Redesigning Enterprise's finest It's sharper-looking, supposedly more comfortable, a lot more efficient, and much better equipped.
In 2002, the then-new Altima defined a new face for Nissan. It was a vast improvement over the previous generation and also had grown a full class in size, essentially making the 2002-2003 Maxima redundant in the lineup. The 2007 redesign for the Altima was a little more than a facelift, mating the QR25 2.5L 4-cylinder to a CVT transmission rather than the old 5-speed automatic. Unfortunately, the buzzy base motor combined with the elastic-band transmission turned the Altima into an Enterprise-queen. It seemed that virtually every 2007-2012 Altima I’d see had rental stickers in the back window. That being said, the 2013 Nissan Altima SV is supposedly a different story altogether.
This latest iteration however; Nissan’s marketing campaigns claim that it’s essentially a 180-degree turn from any Altima of the past. It’s sharper-looking, supposedly more comfortable, a lot more efficient, and much better equipped. We decided to drive one for a week and find out if it’s that much better, and came out pleasantly surprised.
My test car was a 2.5 SV; formerly known as the 2.5S Luxury Package. Over the base model, it came equipped pretty much exactly as I’d want it to. Heated seats, a power sunroof, 17″ aluminium wheels, LED taillights, and best of all, the NASA-inspired seats. Like most people, when I’d heard that NASA was contributing to the influence of the design and ergonomics of the seats, I pictured some high-tech seats with 3-point restraints. Naturally I was dead wrong. However, the seats were a huge pet peeve I had with the outgoing Altima. They were uncomfortable, hard, and resulted in lower back pain on any drive longer than 30 minutes. These new seats have my utmost respect. They’re amongst the best seats currently in the industry. In my eyes, they surpass the ergonomic levels of any other seats on the market.
The old monochromatic orange display in the instrument cluster is gone, now replaced by a full-colour 3D display. Cool as it may be, I absolutely could not stand it. While I consider myself to be a pretty tech-savvy individual, I found it nearly impossible to quickly glance down at my fuel mileage, odometer, or fuel range without my head spinning. The display isn’t of poor quality, it’s just the 45-degree angle that it’s placed at that causes issues. It wasn’t just me either; it seemed that nobody on the team was able to get the hang of the display.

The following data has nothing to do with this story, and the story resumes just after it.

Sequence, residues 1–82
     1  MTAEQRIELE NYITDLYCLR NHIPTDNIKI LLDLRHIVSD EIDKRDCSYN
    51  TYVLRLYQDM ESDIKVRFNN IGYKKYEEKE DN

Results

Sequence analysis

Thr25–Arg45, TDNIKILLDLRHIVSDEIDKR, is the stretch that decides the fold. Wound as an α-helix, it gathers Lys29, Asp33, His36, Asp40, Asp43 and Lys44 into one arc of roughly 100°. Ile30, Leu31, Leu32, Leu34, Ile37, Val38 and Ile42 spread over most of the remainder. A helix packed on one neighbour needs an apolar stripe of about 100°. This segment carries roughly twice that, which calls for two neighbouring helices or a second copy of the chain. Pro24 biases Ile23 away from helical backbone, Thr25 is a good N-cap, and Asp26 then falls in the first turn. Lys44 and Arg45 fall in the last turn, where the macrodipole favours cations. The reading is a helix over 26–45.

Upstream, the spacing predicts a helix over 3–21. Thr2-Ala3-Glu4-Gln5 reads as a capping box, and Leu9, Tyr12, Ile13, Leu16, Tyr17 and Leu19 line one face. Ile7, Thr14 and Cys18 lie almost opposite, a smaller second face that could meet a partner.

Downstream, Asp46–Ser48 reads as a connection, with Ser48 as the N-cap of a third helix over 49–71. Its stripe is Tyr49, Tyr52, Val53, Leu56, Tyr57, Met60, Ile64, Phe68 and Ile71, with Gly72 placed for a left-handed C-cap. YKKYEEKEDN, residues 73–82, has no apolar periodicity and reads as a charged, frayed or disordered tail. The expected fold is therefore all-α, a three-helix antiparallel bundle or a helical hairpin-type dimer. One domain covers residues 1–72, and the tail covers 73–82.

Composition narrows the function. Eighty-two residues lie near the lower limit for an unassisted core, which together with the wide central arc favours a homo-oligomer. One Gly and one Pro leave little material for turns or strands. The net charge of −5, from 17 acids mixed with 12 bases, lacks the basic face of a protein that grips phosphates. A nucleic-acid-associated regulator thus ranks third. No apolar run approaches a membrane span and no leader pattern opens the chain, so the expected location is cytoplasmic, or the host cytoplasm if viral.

My main gripe with the previous Altima was the way it drove. The engine was buzzy, the transmission sucked away any passing power it may have had, and every single car with the 2.5 I’d driven felt like the engine was ready to fall out of it at any given minute. Despite having the same engine, now tuned for 182-horsepower, the new Altima feels like a new car. The engine is responsive, the brakes have the perfect amount of feel, and even the CVT isn’t horrible. Those of you who are familiar with my writing know how much I hate CVTs as a whole. Even with the base 4-cylinder, the car doesn’t feel slow or anemic by any means. It also managed to give a combined 6.9L/100km with a relatively heavy foot. Not bad Nissan, not bad.
With previous CVT transmissions, I’ve complained about the “fake” ratios in the manumatic modes they offered. In this 2013 Nissan Altima SV, they’ve taken it away and replaced it with a mode on the shifter labelled “DS”. This sport mode livens up the transmission and throttle response, giving you passing power when you need it. It’s actually a brilliant concept and should be considered by other manufacturers. Still, I feel as though Nissan needs to take a word of advice from Hyundai and explore the full potential of conventional automatics rather than sticking CVTs into everything they make.
I don’t quite know how I feel about the design of the Altima. Don’t get me wrong; I really do like the car. It’s easily my favourite of its class (let’s keep in mind I have yet to drive the new Fusion) and tops its closest competitors; the Camry, Accord, and Legacy. I do feel like the styling still screams “rental” and lacks any sort of excitement. It’s still an elegant looking car and from an aesthetic point of view, looks far more exciting than the Accord. My conclusion is though, that from any standpoint, there’s no denying that the new Altima has a certain “je ne sais quoi” about it that exudes elegance at a very competitive price point. What do I think? It’s a winner.